In the spring of 1996, when I was 14, I was in central California, reading about the Soviet prison system, the lives of the zeks imprisoned there, and the inhumanity of ideology.
There was something unnatural about it, but I read Aleksandr Solzhenitsyn's three-part, 300,000-word work of "literary investigation" into the Soviet prisons, "The Gulag Archipelago." I had the fat paperbacks, they were 600-something pages each, printed in tiny print and crammed into binding that barely opened. I know I found them misshelved in the literature section of a used bookstore, but I don't know why I picked them up, bought them, brought them home and read them. I had never heard of Solzhenitsyn, this Russian with a scraggly beard and a bad haircut. No one told me to read him. I didn't know how to say his name, and probably still don't.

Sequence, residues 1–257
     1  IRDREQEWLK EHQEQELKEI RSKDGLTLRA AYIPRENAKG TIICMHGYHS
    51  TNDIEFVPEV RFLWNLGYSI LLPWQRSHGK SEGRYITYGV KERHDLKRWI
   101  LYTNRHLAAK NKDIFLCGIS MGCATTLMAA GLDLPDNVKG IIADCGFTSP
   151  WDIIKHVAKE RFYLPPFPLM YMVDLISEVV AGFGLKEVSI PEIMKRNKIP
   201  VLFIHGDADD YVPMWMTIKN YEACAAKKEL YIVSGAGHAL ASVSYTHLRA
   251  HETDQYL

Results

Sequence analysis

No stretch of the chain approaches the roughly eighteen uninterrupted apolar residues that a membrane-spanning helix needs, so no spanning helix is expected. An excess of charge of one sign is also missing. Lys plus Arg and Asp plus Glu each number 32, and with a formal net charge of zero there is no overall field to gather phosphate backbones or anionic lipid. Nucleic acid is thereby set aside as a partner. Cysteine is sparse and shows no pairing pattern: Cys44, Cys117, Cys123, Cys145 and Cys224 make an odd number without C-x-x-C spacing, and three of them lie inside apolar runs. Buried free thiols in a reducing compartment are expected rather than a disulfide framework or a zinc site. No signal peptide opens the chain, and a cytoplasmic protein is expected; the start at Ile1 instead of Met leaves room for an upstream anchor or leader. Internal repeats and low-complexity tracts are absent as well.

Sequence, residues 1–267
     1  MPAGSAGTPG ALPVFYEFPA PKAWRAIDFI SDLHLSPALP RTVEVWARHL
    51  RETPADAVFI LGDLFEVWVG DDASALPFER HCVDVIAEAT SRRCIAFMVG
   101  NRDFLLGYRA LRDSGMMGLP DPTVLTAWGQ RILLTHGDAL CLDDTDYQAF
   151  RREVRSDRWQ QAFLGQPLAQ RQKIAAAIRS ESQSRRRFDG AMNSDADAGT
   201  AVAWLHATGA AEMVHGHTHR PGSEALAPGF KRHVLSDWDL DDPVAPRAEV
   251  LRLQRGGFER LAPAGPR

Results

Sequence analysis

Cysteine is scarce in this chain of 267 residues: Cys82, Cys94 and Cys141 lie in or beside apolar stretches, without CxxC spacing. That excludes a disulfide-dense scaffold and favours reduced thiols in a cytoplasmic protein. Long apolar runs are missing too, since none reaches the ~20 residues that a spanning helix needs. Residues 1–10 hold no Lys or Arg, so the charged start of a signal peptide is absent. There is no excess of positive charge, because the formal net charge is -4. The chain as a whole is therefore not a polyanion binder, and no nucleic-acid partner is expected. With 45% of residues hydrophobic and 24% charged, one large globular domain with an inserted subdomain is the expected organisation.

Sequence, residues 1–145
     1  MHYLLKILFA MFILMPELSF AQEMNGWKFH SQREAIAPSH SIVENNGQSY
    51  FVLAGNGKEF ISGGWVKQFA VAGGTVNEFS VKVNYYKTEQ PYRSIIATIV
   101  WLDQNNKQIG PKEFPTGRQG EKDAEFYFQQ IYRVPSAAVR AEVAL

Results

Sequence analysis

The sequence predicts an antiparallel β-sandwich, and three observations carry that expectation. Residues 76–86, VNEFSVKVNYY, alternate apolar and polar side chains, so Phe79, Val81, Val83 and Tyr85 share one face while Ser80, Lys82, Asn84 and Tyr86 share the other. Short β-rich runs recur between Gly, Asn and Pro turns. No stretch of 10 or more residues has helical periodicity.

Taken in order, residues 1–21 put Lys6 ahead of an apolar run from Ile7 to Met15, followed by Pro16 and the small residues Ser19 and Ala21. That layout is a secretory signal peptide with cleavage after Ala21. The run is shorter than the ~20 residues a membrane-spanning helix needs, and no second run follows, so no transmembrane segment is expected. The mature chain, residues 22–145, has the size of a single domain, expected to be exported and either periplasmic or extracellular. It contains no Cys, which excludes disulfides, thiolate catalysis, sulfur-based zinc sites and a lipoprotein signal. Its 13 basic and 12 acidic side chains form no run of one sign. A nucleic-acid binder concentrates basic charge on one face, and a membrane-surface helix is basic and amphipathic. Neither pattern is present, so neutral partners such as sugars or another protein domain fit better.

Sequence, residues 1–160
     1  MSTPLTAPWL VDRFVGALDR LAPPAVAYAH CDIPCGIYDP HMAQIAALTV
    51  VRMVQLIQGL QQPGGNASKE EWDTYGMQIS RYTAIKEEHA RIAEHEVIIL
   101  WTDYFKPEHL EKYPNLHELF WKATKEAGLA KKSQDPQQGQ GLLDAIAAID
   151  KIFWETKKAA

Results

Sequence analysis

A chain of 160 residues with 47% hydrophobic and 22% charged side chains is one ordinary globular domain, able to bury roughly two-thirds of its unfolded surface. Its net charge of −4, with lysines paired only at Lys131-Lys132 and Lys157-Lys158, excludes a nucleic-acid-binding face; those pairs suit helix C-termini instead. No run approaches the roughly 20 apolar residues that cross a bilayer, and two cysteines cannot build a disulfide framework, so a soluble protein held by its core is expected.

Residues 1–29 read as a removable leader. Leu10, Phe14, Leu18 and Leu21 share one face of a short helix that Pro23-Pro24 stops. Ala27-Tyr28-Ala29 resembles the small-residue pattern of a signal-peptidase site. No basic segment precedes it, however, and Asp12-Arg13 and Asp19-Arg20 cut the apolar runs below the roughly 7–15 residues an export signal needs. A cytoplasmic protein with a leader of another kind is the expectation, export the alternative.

There was something about him, though, something about the weight of the pain in his voice that spoke to me.
Read the full column: A piece of his own heart